Dunedin

I arrived here last Sunday morning by plane via Christchurch. Fun fact: if you’re flying on a short domestic flight in NZ there’s no security. No joke. I walked through the doors at Wellington airport, checked my bag, then walked to the gate. No metal detectors, no x-ray machines, nothing. Just straight up to the gate then on to the tarmac before boarding the plane. Insanity. From the time I got off the bus until I arrived at the gate was 12 minutes. Aside- there was security for a 737 that was there, but not for my tiny jet.

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I had a 40 minute stop in Christchurch then on to Dunedin, which is in the southern part of the south island. The Dunedin Airport, unfortunately, is about 25km from the city center and there is no public transportation. It cost me $30 on the shuttle to get to my hostel (as opposed to the $16 in Auckland and $9 in Wellington). Lame.

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My hostel however, is incredible. It’s called Hogwartz, and it is by far the cleanest hostel I have ever stayed in. It’s immaculate. There are 17 rooms, so if it’s fully booked that means probably close to 40-50 guests. I’m not positive of that number though because the largest dorms are only 5 people. There are no bunkbeds. Hallelujah! Aside #2- my hostel in Wellington had bunkbeds but they were built into/ bolted to the wall so they do not move at all. This is also perfectly acceptable. The bathrooms have been updated I’d guess 3-5 years ago and look brand new. No stains, no water marks, no nothing anywhere. It’s amazing. They even iron the sheets, which blows my mind. Oh and if you stay a week they’ll do your laundry for free. Like, not just give you use of the washer, they actually wash, dry and fold it for you. That was for sure a highlight when I got here. All that for $26 NZD per night, which is a fantastic price for a non-bunkbed dorm room with only 5 people.

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Highlights! Much of time here was focused on preparing for the Master’s Games, which were Saturday- lots of working out, gymnastics and sleeping.

Sky Fitness- It is a small gym about a 7ish minute walk from my hostel. A weekly membership was $40. They had ample free weights and some mats that I used to run through my beam routine. Not typical use for those mats but it was helpful.

Gymnastics- Dunedin Gymnastic Academy (yeah, gymnastic, no ‘s’, they also say bar instead of bars, weird) has an adult open gym on Tuesday and Thursday. I went on Tuesday and it was the worst gym I have ever worked out in. Ever. They did have a good beam though. Regardless, I was able to tumble on the strip and do a slew of beam routines. There was no full size floor, the runway for vault was not full length and I bottomed out the spring-board when I jumped on it from three steps. Open gym is usually $8, but since this is still summer vacation it was $5. And since it was my first time they didn’t charge me!! So, the facility was sufficient for a free workout. The guy who ran open gym said there were coaches practicing at the other gym who were competing in the masters games. I asked if they were holding another practice before the meet and he called them up. Sure enough, on Thursday they were practicing at the much nicer gym. Sweet!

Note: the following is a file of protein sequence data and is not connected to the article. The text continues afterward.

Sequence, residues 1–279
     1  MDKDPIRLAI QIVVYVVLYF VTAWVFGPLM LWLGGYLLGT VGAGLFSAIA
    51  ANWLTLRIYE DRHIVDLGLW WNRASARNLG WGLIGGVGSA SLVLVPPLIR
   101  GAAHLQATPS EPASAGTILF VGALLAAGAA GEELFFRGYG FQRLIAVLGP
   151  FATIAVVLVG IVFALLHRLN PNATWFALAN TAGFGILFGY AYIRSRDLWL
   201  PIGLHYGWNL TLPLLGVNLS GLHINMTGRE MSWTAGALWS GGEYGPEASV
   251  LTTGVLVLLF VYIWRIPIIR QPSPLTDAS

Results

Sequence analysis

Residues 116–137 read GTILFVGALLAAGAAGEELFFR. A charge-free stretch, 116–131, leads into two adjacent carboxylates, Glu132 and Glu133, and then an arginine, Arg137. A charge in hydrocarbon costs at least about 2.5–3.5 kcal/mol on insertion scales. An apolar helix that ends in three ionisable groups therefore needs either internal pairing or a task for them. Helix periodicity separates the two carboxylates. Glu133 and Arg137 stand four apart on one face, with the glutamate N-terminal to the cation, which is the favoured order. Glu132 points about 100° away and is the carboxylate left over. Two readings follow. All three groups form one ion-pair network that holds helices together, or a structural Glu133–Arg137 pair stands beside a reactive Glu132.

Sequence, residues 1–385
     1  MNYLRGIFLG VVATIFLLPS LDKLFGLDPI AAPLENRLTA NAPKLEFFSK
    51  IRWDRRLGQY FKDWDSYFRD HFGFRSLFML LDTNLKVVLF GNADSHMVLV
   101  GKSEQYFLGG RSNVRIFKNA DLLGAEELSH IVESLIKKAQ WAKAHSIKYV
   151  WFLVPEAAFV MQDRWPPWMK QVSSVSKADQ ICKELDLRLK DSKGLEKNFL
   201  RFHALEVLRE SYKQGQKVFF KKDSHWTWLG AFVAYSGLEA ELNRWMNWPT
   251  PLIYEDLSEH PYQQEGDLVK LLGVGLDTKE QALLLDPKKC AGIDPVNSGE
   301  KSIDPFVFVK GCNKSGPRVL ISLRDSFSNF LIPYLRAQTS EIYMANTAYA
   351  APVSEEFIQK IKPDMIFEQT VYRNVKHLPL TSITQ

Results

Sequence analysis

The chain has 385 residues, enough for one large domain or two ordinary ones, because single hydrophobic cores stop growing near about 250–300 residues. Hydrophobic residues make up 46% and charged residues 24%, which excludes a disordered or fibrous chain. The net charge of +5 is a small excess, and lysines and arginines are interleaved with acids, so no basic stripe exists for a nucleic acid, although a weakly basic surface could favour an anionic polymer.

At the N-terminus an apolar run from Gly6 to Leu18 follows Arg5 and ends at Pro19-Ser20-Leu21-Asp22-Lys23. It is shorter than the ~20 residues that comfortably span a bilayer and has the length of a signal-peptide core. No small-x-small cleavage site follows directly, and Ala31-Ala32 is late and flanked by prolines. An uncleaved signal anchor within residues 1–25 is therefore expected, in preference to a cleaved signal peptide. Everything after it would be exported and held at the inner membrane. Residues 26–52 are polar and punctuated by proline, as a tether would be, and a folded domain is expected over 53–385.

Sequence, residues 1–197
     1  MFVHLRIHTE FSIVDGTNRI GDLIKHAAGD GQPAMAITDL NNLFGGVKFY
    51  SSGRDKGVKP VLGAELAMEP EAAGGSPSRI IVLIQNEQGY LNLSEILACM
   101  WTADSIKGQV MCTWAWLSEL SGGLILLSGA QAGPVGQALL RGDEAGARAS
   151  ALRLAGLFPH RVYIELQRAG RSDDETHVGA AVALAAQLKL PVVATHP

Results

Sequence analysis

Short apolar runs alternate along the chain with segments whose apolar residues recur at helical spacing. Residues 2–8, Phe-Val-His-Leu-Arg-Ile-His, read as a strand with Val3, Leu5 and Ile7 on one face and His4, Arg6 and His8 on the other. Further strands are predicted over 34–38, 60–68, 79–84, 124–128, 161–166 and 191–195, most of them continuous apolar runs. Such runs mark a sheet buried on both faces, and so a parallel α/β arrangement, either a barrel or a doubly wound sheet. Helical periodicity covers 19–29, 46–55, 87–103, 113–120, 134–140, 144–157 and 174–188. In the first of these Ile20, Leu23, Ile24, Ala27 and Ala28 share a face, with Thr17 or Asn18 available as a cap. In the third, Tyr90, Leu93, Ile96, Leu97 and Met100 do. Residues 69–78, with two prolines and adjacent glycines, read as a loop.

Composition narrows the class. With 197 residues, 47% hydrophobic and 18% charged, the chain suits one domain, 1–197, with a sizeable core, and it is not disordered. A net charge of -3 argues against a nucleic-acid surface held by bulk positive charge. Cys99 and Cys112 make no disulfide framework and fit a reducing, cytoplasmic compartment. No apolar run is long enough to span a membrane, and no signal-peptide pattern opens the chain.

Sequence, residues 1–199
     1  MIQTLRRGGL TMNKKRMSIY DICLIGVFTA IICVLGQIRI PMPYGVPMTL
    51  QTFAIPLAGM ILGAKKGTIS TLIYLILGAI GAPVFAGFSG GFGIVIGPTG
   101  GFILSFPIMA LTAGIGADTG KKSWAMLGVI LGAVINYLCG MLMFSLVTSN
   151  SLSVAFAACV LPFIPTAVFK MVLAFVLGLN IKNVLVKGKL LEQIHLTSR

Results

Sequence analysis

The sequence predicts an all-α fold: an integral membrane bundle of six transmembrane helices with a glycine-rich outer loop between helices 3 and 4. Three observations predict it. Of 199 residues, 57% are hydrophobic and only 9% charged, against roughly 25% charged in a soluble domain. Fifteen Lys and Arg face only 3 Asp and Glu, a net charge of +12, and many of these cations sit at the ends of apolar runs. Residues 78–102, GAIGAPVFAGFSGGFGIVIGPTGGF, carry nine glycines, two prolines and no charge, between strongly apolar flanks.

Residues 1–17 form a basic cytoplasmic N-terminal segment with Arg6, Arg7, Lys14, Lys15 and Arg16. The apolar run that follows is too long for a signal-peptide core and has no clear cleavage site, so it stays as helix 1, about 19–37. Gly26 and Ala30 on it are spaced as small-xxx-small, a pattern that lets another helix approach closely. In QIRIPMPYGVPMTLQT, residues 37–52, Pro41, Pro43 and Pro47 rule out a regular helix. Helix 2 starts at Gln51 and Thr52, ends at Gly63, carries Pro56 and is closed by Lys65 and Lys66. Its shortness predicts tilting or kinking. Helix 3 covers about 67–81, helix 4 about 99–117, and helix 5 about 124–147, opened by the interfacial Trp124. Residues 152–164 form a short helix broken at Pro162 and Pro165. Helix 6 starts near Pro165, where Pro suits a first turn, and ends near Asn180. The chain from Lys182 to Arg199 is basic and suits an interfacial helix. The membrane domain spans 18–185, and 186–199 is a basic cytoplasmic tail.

On Thursday off I went to that practice and met the three girls competing. They were super nice and the equipment was definitely better. And yet again, it was free!

Superbowl- Monday after my workout I went into town to watch the superbowl. Late night games in the US are afternoon games here. 12:30pm was kickoff. I went to a bar right in the city center and quickly made friends with the 2 other Americans there, one of whom was from Denver (bad day for him). Not a terribly exciting game but fun enough. Plus I got a boatload of free drinks (and free dinner, don’t judge, I’m poor).

Botanic Gardens- Man I love botanic gardens.

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These were beautiful. Much different from Wellington’s. Not better or worse, just different. More manicured, less wild. All the paths were either gravel or paved, there was lots of open grass areas, where as Wellington was forest and trees. My favorite part was once again the Rose Garden.

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The purple ones, of course. Some of the roses were literally the size of my face.

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Otago Settlers Museum- This museum is free (did you expect anything different?) and covers the early settlers in Dunedin (which is in a region called Otago), the gold rush and the remaining 150 years. Dunedin was originally called New Edinburgh, which is a kind of a clunky name and soon took on the Gaelic name for Edinburgh, Dunedin. The city was originally founded by The Free Church of Scotland  who wanted to separate from the Church of Scotland. Sound familiar?